Understanding Efficacy of E-Stim for Wound Healing
By Lisa Dress
The acceptance of electrical stimulation for chronic wound healing by the medical community has been a long and complex process, said Carrie Sussman, PT, owner of Wound Care Management Services, in Torrance, CA.
Sussman, who has been using electrical stimulation to treat geriatric patients with chronic wounds since the early 1980s, said there was little information in the literature to support the use of the modality for wound healing at that time.
Today, almost 20 years later, Sussman said electrical stimulation has been well-documented in the literature for its effectiveness in healing chronic wounds and is widely used among physical therapists.
Electrical stimulation works by enhancing the body's bioelectric system on a cellular level. When the skin is wounded, it conducts a current generated between the surface skin (a negative current) and the inner tissues (a positive current) in an attempt to attract healing cells, which are responsible for releasing growth factors that are involved in the process of collagen synthesis. This process is referred to as the "current of injury," and will continue until the injury is healed, Sussman noted.
A moist wound environment is required for the body's bioelectrical system to function properly. "There must be a medium to conduct a current. If the wound is dry then that medium is lost," Sussman said.
LACK OF CURRENT, or current disruption, is suspected to be one of the reasons why chronic wounds do not heal without an outside stimulus to jump-start the healing process. The rationale for applying electrical stimulation is that it mimics the natural current of injury and initiates or accelerates the wound healing process, she said.
The process of a wound healing takes place in four phases, according to Sussman. During the first phase, or inflammation phase, the wound is tender, swollen and inflamed. It is during the first phase that the body begins the healing process. During the second phase, or cell proliferation phase, newly generated cells form and begin to replace the damaged ones. During the third phase, the epithelialization phase, the cells are restructured to replicate and reproduce skin or scar on the damaged area. Remodeling of the skin is the final phase.
Electrical stimulation facilitates these steps via an electrical current which transfers energy to a wound through two electrodes. One is placed on the external skin a distance away from the wound and the other in the wound bed. The electrical source controls the current that is being transferred.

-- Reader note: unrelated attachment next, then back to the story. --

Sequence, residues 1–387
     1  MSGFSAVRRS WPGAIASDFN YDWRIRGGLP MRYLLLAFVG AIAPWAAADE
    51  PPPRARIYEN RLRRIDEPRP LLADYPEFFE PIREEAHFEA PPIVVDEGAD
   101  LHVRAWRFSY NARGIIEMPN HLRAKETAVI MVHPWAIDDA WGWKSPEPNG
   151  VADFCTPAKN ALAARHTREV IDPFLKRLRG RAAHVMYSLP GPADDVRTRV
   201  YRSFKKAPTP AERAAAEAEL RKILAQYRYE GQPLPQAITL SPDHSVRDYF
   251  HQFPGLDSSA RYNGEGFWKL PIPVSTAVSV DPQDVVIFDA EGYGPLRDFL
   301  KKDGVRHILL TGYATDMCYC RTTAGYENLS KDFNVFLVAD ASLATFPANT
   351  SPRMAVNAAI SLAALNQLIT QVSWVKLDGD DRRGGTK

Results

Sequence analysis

Although there are many waveforms available for use in electrotherapy equipment, according to Sussman, the most commonly used current for wound healing is a monophasic twin peaked high voltage pulsed current.
HVPC gives the cells an interrupted type of stimulus and causes the body to respond to the stimulation by laying down collagen. HVPC also allows for the control of the polarity and variation in pulse rates, which are both important to the healing process, she added.
Treatments are generally either 30 minutes twice a day or an hour a day three to seven times a week, depending on the severity of the wound and the setting. Sussman said improvements in the patient's condition should be seen in about a two-week period. "There should be changes in the tissue in the wound, in the surrounding skin and a change in the secretion from the wound." If there is no change in two weeks, the parameters of the treatment (electrode placement or polarity of current, for example) should be changed or treatment should be discontinued. Mean healing time reported in the literature ranges from about seven and a half to 10 weeks. (Feeder, et al, Physical Therapy, 1991; 71: 639-649.)
"If patients can take the treatment home with them, they can do it everyday. But if patients have to go to the clinic, they may not be able to make it every day," she explained. She added that home treatment is an option for patients who have a less severe wound, or one that has begun the healing process on its own.
"The opportunities for individualizing care with electrical stimulation are very good. The PT can customize the treatment depending on the setting, severity of the wound and the patients' or caregivers' capability of administering the electrical modality."
The opportunities to use electrical stimulation for healing chronic wounds are plentiful since they often don't heal in a normal manner. A chronic wound is one that has not responded to conventional therapies, such as dressings and medication, in a 30-day period, Sussman noted. The depth of the wound, as well as wound deterioration (has it gotten deeper, infected, or larger) are other critical factors in determining if electrotherapy may be necessary.